Disordered Eating and Health-Related Quality of Life in Overweight and Obese Youth

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Title:
Disordered Eating and Health-Related Quality of Life in Overweight and Obese Youth
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1 online resource (58 p.)
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english
Creator:
Gowey, Marissa A
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University of Florida
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Gainesville, Fla.
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Thesis/Dissertation Information

Degree:
Master's ( M.S.)
Degree Grantor:
University of Florida
Degree Disciplines:
Psychology, Clinical and Health Psychology
Committee Chair:
Janicke, David M
Committee Members:
Mccrae, Christina S
Boggs, Stephen R
Price, Catherine

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Subjects / Keywords:
children -- disordered -- eating -- obesity -- qol
Clinical and Health Psychology -- Dissertations, Academic -- UF
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Psychology thesis, M.S.
bibliography   ( marcgt )
theses   ( marcgt )
government publication (state, provincial, terriorial, dependent)   ( marcgt )
born-digital   ( sobekcm )
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Abstract:
Research suggests that overweight and obese children have significantly lower health-related quality of life (HRQOL). However, the role of demographics in relation to HRQOL remains unclear. Additionally, factors with negative physical and psychosocial outcomes, such as disordered eating, have not been thoroughly investigated in association with HRQOL. The current study examines the relationship between demographic variables, disordered eating attitudes and behaviors, unhealthy weight control behaviors, and HRQOL. Participants were 181 overweight or obese youth ages 7-12 years and their parents in a behavioral weight management program. Prior to treatment, children were measured for height and weight and completed questionnaires regarding disordered eating attitudes and behaviors and HRQOL, while parents completed questionnaires regarding demographics and child HRQOL. Almost 17% of the sample endorsed clinically significant disordered eating attitudes and behaviors, while over two-thirds endorsed unhealthy weight control behaviors. Younger children endorsed more disordered eating and lower HRQOL, while children with higher BMI z-scores reported more unhealthy weight control behaviors and lower HRQOL. No significant relationships were found between gender and other variables. Disordered eating attitudes and behaviors and unhealthy weight control behaviors were negatively associated with HRQOL, although differences were revealed among parent-proxy and child-self report of HRQOL. This study suggests that a subset of overweight and obese children engage in disordered eating attitudes and unhealthy weight control behaviors, which has important implications for assessment and treatment. Furthermore, discrepancies between HRQOL reports underline the utility of multiple informants in research and practice.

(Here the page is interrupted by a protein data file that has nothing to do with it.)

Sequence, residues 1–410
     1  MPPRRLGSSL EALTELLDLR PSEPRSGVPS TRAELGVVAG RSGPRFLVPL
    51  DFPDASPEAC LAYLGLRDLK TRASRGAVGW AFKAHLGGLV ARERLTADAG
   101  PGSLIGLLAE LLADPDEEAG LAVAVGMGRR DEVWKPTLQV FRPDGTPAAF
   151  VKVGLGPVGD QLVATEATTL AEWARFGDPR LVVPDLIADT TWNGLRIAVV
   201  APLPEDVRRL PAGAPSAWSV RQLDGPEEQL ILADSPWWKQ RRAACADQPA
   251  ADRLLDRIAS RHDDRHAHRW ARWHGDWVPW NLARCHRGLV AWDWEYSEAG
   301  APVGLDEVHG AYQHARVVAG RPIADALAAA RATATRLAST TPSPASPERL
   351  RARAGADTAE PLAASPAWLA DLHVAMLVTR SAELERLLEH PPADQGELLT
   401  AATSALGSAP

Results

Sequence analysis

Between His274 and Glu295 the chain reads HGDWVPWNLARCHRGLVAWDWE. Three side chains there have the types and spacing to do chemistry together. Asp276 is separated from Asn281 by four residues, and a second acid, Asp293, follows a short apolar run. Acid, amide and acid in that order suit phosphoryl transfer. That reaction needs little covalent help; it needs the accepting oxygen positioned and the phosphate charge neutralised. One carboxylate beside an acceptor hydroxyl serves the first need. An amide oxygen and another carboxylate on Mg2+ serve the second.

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In the series University of Florida Digital Collections.
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Includes vita.
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Includes bibliographical references.
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Description based on online resource; title from PDF title page.
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This bibliographic record is available under the Creative Commons CC0 public domain dedication. The University of Florida Libraries, as creator of this bibliographic record, has waived all rights to it worldwide under copyright law, including all related and neighboring rights, to the extent allowed by law.
Statement of Responsibility:
by Marissa A Gowey.
Thesis:
Thesis (M.S.)--University of Florida, 2012.
Local:
Adviser: Janicke, David M.
Electronic Access:
RESTRICTED TO UF STUDENTS, STAFF, FACULTY, AND ON-CAMPUS USE UNTIL 2014-05-31

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lcc - LD1780 2012
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UFE0044206:00001


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1 DISORDERED EATING AND HEALTHRELATED QUALITY OF LIFE IN OVERWEIGHT AND OBESE YOUTH By MARISSA A. GOWEY A THESIS PRESENTED TO THE GRADUATE SCHOOL OF THE UNIVERSITY OF FLORIDA IN PARTIAL FULFILLMENT OF THE REQUIREMENTS F OR THE DEGREE OF MASTER OF SCIENCE UNIVERSITY OF FLORIDA 2012

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2 2012 Marissa A. Gowey

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3 To my parents, Kim and Lori Gowey

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4 ACKNOWLEDGMENTS I tha nk David Janicke, Ph.D. for his truly excellent mentoring and dedication to this project. I tha nk Crystal Lim, Ph.D. and the E FLIP team for their hard work which made this project possible. Finally, I thank my parents f or their endless support in pursuing my dreams, which has continued to motivate me to do what I love and complete this study